Wegener, Paul

The following article is from The Great Soviet Encyclopedia (1979). It might be outdated or ideologically biased.

Wegener, Paul


Born Dec. 11, 1874, in Bischdorf; died Sept. 13, 1948, in Berlin. German actor.

Wegener studied at the universities of Freiburg and Leipzig and made his theater debut in 1895. He became most famous for his performance of the Actor in M. Gorky’s The Lower Depths (German title The Lodging). In 1906, M. Reinhardt asked Wegener to join the troupe of the German Theater in Berlin. He worked for this theater with interruptions until 1948. His best performances were in roles from classical dramas in which he portrayed psychologically complex and profound characters such as Richard III, Othello, and Macbeth in Shakespeare’s tragedies of the same name, as well as lago and King Claudius in Shakespeare’s Othello and Hamlet, respectively. He also played the Mayor in Gogol’s The Inspector-General, Holofernes in Hebbel’s Judith, and Rasputin in A. N. Tolstoy’s and Shcheglov’s The Empress’ Plot.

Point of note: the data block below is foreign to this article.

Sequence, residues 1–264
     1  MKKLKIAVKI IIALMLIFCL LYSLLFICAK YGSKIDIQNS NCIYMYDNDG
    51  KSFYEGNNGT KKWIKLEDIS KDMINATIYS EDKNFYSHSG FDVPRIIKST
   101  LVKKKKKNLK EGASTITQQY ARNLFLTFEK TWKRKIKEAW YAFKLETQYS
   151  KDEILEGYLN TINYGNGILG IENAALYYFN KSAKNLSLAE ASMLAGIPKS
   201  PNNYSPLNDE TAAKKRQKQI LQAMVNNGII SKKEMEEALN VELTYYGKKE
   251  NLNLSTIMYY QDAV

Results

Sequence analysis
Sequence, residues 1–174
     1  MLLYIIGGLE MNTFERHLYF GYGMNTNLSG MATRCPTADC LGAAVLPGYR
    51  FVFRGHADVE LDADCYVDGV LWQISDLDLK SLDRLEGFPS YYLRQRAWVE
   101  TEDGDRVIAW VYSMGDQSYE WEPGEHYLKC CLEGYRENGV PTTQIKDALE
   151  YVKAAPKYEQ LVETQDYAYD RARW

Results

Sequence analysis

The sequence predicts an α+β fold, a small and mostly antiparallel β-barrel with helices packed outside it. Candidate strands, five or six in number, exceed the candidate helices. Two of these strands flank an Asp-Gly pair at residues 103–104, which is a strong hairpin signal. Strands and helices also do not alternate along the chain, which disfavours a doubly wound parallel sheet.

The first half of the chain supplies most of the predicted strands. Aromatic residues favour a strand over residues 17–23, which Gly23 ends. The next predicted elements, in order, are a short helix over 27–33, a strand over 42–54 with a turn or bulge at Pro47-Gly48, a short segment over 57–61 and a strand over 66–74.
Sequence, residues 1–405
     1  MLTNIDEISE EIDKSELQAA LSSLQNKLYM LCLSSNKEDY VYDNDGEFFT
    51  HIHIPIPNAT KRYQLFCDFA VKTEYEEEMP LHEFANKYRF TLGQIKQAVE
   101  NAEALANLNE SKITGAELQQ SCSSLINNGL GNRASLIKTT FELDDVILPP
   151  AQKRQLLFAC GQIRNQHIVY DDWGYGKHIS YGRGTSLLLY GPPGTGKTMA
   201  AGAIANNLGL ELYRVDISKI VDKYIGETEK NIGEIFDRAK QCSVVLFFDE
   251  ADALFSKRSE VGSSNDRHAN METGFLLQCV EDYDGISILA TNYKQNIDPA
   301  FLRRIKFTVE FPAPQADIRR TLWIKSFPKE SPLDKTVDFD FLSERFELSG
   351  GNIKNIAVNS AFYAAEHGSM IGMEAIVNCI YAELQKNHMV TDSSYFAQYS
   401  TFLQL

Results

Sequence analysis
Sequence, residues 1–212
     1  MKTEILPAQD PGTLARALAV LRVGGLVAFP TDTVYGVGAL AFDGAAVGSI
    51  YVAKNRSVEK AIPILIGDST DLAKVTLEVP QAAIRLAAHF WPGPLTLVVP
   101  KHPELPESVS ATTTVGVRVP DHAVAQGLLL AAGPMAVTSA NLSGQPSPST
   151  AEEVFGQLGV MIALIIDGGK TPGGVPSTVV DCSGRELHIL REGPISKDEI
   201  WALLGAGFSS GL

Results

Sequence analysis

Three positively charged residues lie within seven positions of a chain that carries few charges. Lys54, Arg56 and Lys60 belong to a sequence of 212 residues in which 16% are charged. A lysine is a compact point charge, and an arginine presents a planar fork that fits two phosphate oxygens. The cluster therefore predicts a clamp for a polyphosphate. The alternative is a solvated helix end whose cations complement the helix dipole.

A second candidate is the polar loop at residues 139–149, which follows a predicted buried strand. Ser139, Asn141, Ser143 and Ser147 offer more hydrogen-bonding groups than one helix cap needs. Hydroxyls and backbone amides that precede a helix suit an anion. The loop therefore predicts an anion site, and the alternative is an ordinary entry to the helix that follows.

As director, scenarist, and actor, Wegener was one of the founders of the German artistic motion picture. Beginning in 1910 until the 1920’s he performed roles of fantastic and mysterious personages; he played the lead roles in the films The Student From Prague (1912) and Golem (1913 and 1920). He also acted in the films Sumurun (1922), Lucrezia Borgia (1922), The Living Buddhas (1923), and The Weavers (1927; based on G. Hauptmann’s play). As a movie actor he was noted for his unusually expressive acting.

After World War II, Wegener led the movement of artists for the regeneration and development of the democratic traditions of the German theater and motion picture. At the German Theater he performed such roles as Nathan (Lessing’s Nathan the Wise), Polonius (Shakespeare’s Hamlet), and Polezhaev (Rakhmanov’s Restless Old Age). He continued to act in movies (The Great Mandarin, 1948).


Mazing, B. Paul’ Vegener. Moscow-Leningrad, 1928.
Bronnen, A. Begegnungen mit Schauspielern. Berlin, 1967. Pages 56-62.


The Great Soviet Encyclopedia, 3rd Edition (1970-1979). © 2010 The Gale Group, Inc. All rights reserved.
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